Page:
830: What's Been Caged
830: What's Been Caged
I’m Major Jackson and this is The Slowdown.
Each year, I find myself removing once beloved poems from my syllabus, poems I have taught for years. But read through the lens of inclusivity and, frankly, safety, they just don’t cut the mustard nor seem appropriate.
For better or worse, I try not to exclude those in my classroom for the purpose of making some point about poetic craft. I try to create an environment where difficult conversations are welcomed and sensitive topics are rigorously discussed — but without the unintentional act of demeaning or dehumanizing a student. My logic is this: I can find an equally suitable poem to model. This is controversial among some of my colleagues. I get it: who wants to, or even can, navigate every possible means of alienating someone?
I applaud the sensitivity and consideration we give each other in classrooms and workplaces. Words have histories. Sometimes we pull back their layers in our usage to unintentionally reveal their fraught legacies.
Freud (who himself is fraught to many) believed jokes represented an opportunity to release pent up anxieties and repressed hostilities. Some time ago, in my work as an accountant, I managed a small staff. This one particular day of reporting deadlines, a coworker jokingly blurted out: you’re working me like a slave driver. After nervous laughter and silence, they apologized.
It’s too easy to discount the moment as a case of political correctness, as some do when held accountable for implicit or biased speech. Why choose mockery and dismissiveness over decency and thoughtfulness? I believe we should be able to make blunders, but that we should also afford each other grace and forgiveness.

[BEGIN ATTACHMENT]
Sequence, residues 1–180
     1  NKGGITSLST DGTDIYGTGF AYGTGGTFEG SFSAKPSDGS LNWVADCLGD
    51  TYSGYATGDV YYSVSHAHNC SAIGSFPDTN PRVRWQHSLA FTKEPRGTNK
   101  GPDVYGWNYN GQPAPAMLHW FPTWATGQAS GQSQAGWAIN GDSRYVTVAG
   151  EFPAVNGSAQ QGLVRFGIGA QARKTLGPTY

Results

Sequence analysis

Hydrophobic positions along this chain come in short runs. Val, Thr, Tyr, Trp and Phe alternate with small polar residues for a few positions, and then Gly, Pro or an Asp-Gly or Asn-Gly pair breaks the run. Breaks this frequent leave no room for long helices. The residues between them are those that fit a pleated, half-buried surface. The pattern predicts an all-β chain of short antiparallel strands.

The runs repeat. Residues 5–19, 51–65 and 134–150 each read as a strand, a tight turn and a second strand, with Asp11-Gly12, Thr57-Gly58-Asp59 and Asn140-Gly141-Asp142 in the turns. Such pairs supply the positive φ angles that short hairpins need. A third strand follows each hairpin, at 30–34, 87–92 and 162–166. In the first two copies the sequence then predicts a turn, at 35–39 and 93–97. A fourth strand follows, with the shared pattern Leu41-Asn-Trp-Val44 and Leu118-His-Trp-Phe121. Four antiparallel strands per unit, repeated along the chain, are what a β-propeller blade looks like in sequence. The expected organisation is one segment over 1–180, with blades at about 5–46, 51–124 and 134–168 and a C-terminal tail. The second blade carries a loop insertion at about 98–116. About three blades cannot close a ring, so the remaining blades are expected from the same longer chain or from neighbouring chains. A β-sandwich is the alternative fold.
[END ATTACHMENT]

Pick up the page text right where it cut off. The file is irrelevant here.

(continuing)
Today’s poem reveals how language, in its slipperiness, implicates itself. It explores that conflicted space in which we try not to protest too much, yet cannot help but hear those negative histories.
What’s Been Caged
by Jamaica Baldwin
I thought sieve but said shiv. I thought blaspheme but cursed anyway. A good fuck said with conviction will knock the teeth out of rage. I thought convoluted but said convulsion, the uncontrollable movement behind the eyelids, rapid, searching in the dark hallways of history. We began the day like this, myself and I, arguing over the lyrics to She Keeps on Passing Me By. I wondered if they’d considered the implications of “dopest Ethiopian.” Myself thought my BA/MFA/PhD had PC’d the funk right out of me. It was a critical debate, an untheoretical contortion about imagination. Language, in theory, is representation (from the Latin repreasentare: to make present, set in view, display.) I sank my teeth into exhibit to prove my point. The long history of grotesque exhibitions hung before us. The word hung treed before us. Language kept drawing arrows like this from word to slave to rape to ancestor. Myself thought survival but said circumscribe, (from the Latin circumscribere: to encircle, limit, restrain, confine.) I wanted another word to free us from the confines of survival. Myself did not say quiet but became it, as if the desire to rid myself of such limitations was asking too much. As if I could only be one or the other: myself or the I that contained myself, the words, or the history that engendered them. The arrows always return to what’s been caged. This time when thinking incarceration, I said sieve, (from the Old English sife: to pour out, drip, trickle) like mourning I thought but said revolution.
"What's Been Caged" by Jamaica Baldwin. Used by permission of the poet.